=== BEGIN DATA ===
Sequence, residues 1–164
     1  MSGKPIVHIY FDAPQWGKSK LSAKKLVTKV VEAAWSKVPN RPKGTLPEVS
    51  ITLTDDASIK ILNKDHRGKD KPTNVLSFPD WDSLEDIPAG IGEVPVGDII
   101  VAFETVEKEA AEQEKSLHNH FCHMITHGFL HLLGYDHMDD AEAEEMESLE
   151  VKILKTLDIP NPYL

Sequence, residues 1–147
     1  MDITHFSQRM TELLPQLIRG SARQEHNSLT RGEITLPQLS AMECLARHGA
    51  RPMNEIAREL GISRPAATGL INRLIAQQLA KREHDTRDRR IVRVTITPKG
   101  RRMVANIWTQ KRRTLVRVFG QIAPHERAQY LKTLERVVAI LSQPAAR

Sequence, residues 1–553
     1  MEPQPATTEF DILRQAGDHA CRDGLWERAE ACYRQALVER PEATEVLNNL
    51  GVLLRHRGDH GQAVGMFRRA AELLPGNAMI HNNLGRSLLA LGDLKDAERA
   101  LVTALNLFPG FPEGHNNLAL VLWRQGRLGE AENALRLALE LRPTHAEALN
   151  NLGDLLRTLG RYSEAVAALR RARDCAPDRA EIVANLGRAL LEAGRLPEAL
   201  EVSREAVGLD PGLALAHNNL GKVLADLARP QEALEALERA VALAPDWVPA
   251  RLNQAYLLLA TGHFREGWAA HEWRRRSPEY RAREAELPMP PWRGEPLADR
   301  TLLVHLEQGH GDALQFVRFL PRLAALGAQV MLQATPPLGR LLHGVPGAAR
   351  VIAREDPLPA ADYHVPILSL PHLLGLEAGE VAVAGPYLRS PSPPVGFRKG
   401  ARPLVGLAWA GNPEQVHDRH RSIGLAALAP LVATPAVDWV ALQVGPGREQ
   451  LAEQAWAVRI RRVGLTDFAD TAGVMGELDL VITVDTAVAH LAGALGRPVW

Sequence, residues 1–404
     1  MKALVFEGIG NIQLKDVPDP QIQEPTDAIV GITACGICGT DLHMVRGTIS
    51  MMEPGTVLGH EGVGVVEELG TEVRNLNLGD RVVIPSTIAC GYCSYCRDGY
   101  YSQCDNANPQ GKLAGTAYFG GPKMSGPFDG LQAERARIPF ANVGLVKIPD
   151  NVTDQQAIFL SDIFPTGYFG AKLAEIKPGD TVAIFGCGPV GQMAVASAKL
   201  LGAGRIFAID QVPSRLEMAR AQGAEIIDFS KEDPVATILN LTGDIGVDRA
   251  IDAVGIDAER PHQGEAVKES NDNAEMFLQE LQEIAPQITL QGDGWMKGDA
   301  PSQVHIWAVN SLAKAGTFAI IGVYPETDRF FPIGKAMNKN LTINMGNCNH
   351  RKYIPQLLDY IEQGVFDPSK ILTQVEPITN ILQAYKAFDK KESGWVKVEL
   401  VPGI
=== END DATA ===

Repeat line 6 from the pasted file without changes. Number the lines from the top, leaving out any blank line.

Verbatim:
Sequence, residues 1–147